Pushing inside, I spot him immediately. His napkin slides to the floor and his thighs awkwardly collide with the table in his rush to stand. I notice two things: one, he’s wearing a dress jacket, nice jeans, and a pair of black dress shoes that look newly polished. Two, he got a haircut.
It’s still longish on top, but cut very short at the sides. It makes him somehow a little less highbrow literary hipster and more… skater hot. It’s amazing that a look he would never have even attempted in adolescence is one he can absolutely rock at twenty-nine. That said, I’m sure he has only his stylist to thank. The boy I grew up with would give more thought to which type of pen he used to write a grocery list than what he looked like on any given day.
Fondness clutches me.
I make my way to him, trying to breathe through the hum of electricity surging in my bloodstream. Maybe it’s the benefit of having had time to get ready tonight – and that I’m not in my scrubs – but this time, I feel the way his eyes move from my hair to my shoes and back up.
He’s visibly shaken when I step closer and stretch to give him a quick hug. “Hi.”
Swallowing, he lets out a strangled “Hi” and then pulls my chair out for me. “Your hair is… you look… beautiful.”
“Thanks. Happy birthday, Elliot.”
Friends. Not a date, I repeat, like a prayer. I’m just here to make up for breakfast, and to clear the air.
I attempt to brand it into my brain and my heart.
“Thank you.” Elliot clears his throat, smiling without teeth, eyes tight. And really: where to start?
The waiter pours water into my glass and slides my napkin onto my lap for me. The entire time, Elliot is staring down at me as if I’ve come back from the grave. Is that what it feels like for him? At what point would he have given up on getting in touch with me, or would the answer be never?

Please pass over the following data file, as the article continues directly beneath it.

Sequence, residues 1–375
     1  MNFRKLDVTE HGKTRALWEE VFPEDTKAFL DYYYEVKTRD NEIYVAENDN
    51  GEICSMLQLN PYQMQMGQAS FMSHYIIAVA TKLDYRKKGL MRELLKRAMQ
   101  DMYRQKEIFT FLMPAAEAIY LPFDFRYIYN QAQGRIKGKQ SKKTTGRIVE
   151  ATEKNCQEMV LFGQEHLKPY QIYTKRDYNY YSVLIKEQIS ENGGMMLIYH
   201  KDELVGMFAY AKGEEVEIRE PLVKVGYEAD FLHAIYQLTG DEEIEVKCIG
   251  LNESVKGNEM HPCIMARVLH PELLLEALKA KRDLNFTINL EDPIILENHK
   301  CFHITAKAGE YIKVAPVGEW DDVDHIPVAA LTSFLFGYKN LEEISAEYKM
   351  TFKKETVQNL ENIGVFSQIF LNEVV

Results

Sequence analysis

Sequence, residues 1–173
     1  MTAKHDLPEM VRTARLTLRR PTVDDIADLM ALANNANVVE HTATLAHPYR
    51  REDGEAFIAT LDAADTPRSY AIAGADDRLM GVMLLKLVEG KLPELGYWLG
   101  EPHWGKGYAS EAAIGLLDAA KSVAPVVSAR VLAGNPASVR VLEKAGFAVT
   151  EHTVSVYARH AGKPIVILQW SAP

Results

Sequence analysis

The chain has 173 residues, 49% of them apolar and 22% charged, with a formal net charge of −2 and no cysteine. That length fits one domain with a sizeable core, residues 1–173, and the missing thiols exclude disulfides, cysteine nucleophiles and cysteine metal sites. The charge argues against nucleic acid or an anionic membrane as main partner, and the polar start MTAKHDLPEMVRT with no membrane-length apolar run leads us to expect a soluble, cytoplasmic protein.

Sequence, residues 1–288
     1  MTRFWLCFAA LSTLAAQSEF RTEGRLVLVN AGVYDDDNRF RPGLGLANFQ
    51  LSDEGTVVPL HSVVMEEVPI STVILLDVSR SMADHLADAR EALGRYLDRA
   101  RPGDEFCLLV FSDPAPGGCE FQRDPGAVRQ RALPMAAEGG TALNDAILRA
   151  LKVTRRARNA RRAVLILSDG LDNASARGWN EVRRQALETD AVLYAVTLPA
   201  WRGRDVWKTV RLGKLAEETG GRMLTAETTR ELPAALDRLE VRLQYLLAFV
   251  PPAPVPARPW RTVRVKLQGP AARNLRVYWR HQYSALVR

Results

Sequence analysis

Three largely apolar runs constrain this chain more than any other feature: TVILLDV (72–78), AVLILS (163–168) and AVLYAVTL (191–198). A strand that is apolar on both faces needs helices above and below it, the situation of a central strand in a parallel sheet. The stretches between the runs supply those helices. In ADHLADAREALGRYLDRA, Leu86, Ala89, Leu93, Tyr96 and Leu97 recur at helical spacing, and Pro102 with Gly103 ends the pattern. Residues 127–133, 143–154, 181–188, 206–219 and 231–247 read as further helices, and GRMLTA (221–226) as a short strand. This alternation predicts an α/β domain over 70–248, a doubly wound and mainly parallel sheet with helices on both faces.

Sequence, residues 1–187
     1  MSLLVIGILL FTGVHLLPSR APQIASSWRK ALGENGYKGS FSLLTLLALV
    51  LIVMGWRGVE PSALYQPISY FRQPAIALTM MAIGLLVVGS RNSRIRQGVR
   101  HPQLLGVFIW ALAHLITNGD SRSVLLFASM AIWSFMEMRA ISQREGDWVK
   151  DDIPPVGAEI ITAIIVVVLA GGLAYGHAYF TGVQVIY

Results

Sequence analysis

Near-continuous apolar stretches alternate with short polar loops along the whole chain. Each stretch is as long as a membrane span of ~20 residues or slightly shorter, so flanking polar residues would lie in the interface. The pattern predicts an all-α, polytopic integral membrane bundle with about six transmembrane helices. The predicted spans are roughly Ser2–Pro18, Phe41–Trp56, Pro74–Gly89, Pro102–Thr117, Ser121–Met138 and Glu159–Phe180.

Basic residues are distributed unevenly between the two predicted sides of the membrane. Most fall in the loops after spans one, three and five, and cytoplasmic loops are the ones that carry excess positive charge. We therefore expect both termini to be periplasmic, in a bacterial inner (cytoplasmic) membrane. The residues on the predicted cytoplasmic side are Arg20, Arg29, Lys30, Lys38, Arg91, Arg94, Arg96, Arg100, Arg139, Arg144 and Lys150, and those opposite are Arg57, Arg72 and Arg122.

“How was work today?” he asks, starting somewhere safe.
“It was busy.”
He nods, sipping his water and then putting it down, letting his fingers trace drops of condensation as they flow from the lip to the base. “You’re in pediatrics.”
“And did you know as soon as you started med school that you wanted to work in that?”
I shrug. “Pretty much.”
An exasperated smile quirks his mouth. “Give a little, Mace.”
This makes me laugh. “I’m sorry. I’m not trying to be weird.” After a deep inhale and long, shaking exhale, I admit, “I guess I’m nervous.”
Not that it’s a date.
I mean, of course it isn’t. I told Sean I was meeting an old friend for dinner tonight, and promised myself I would give him the whole story when I got home – which I still intend to do. But he was preoccupied with setting up his new TV and didn’t really seem to notice when I stepped out, anyway.
“I’m nervous, too,” Elliot says.
“It’s been a long time.”
“It has,” he says, “but I’m glad you called. Or texted, rather.”
“You replied so quickly,” I say, thinking of his old flip-phone again. “I wasn’t prepared for that.”
He beams with mock pride. “I have an iPhone now.”
“Let me guess: Nick Jr.’s hand-me-down?”
Elliot scowls. “As if.” He takes another sip of water and adds, “I mean, Andreas updates his phone way more often.”
Our laughter dies down but the eye contact remains. “Well, in case you were wondering,” I say, “the score is even at one–one. Liz gave me your number. Though I probably should have remembered it. It’s the same one you always had.”
He nods and my eyes flicker down reflexively when he lick-bites his bottom lip. “Liz is great.”
“I can tell,” I say. “I like her.” Clearing my throat, I add quietly, “Speaking of… sorry about how I left at breakfast.”
“I get it,” he answers quickly. “It’s a lot to process.”
It’s almost laughable; an ocean of information separates us, and there are an infinite number of places to begin. Start at the beginning and work forward. Start now, and work backward. Jump in somewhere in the middle.
“I honestly don’t even know where to begin,” I admit.